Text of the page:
Double stage winner and points classification leader Caleb Ewan abandoned with knee issues.
Tro Bro Leon rides Sunday...
Philippe Gilbert's fun gravel recon
Every season I look forward to the Tro Bro Leon poster because you never know what it will be. For all curious cycling enthusiasts, the poster art promises beauty and originality. Last year was a no-go due to COVID-19 and tomorrow's anticipated Breton event has a Belgian rider in the person of Frederik Backaert as the poster star.
"Every year I put the winner from last year on the poster. Since there were no winners in 2020, I was able to draw Frederik Backaert on the poster for the 2021 edition. I decided on an 'A couple of months ago by asking for permission. He is an excellent rider who runs for a Breton team."
-Jean-Paul Mellouet, creator of Tro Bro Leon
"It's a real honor for me because I'm not Breton! All riders in this region dream of being on the poster. This will remain since it will still be visible in ten years. Friends in Belgium are surprised and happy and they think it's very original."
-Frederick Backaert. Belgian, B&B Hotels p/b KTM
After the GP La Marseillasie, the Cholet-Pays de la Loire and La Roue Tourangelle, Tro Bro Leon is the next round of the Coupe de France. There is a lot of points for the winner, so French riders and teams are without a doubt extra motivated at the start of the Breton race.
Tro-Bro Leon is that one special one-day race mostly going under the radar by riders. Situated on the brutal roads in the Finistere region of Bretagne in the north-western corner of France and battered by the cruel Atlantic weather, Brittany is rugged and tough (think Bernard Hinault) and this race is no different. Tro Bro Leon is Britany's answer to Paris-Roubaix.
There are two winners.
First off, the man who crosses the finish line will have his name listed among the winners for all eternity, and secondly, the most celebrated finisher is the first Breton. I firmly believe the greatest prize in cycling is from Tro Bro Leon; the best placed Breton rider wins a... piglet.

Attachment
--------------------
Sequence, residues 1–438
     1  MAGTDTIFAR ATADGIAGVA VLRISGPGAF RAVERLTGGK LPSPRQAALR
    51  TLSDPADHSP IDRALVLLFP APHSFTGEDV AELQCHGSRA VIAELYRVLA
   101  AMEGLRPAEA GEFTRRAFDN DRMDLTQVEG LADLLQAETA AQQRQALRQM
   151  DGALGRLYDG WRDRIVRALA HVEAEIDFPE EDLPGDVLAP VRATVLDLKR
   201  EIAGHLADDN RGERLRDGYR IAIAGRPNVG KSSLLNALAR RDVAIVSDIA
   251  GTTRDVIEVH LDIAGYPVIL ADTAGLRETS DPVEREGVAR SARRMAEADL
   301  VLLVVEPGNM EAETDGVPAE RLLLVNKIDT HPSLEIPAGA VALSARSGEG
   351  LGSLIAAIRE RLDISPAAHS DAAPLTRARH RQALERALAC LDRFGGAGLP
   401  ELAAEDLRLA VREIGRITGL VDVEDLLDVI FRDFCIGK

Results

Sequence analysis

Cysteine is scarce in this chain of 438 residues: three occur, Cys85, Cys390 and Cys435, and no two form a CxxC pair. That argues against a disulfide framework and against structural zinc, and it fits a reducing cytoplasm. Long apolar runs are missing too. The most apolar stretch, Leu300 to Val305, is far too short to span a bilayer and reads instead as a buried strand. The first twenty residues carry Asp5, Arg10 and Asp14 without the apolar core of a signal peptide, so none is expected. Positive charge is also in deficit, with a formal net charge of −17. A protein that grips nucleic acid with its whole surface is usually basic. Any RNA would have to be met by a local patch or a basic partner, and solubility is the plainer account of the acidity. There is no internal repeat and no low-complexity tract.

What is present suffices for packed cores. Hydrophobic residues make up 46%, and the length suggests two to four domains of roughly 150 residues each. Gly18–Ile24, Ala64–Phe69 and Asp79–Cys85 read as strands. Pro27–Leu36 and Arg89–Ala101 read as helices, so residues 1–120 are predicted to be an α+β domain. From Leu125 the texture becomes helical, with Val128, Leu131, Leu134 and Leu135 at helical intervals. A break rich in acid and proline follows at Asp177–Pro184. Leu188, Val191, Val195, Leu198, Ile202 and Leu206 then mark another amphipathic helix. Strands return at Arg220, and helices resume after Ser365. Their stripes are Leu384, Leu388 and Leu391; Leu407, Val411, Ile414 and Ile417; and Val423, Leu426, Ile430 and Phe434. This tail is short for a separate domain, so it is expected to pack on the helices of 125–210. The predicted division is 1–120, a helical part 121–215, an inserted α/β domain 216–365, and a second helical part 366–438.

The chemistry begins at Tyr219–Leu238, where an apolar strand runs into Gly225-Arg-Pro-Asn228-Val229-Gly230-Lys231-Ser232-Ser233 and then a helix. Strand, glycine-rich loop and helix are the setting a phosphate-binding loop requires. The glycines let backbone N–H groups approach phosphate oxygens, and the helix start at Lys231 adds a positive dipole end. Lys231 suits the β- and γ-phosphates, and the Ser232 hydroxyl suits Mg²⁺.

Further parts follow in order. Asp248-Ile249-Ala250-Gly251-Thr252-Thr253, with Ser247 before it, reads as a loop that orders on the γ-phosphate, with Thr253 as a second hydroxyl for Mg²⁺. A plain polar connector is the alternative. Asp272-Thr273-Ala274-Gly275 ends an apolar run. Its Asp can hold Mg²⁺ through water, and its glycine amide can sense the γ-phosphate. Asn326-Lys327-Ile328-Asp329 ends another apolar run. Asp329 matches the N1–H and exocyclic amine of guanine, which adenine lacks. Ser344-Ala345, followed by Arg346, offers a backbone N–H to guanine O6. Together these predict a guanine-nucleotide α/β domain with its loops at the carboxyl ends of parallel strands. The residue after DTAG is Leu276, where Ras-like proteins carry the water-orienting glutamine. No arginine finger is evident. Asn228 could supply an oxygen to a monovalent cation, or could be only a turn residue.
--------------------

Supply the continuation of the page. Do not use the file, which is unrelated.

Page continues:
First, run in 1984 as an amateur event it is relatively young but it feels like a race from a bygone era. Its gravel and cobbles tracks are used by the local farmers. There are 26 sectors about 30km of dirt, cobbles, and gravel known as 'ribinou', a Breton word that means, 'anything but tarmac'.
Jean-Paul Melloutet has another definition: his sectors should have a compact and unbroken surface scattered with small stone and a grassy ridge running in the center of the track. At 207km over punchy hills and 26 sectors of ribinou it's tougher than many Spring Classics. But, there is beauty in its smaller status.
Creator, Jean-Paul Mellouet's goal in creating Tro Bro Leon was to raise funds for local schools that continue to teach Breton, a rare Celtic language spoken by 250,00 people. The race still supports local education today.
Here's to Tro Bro Leon, aka 'Le Petit Paris-Roubaix, aka 'The Hell of the West'!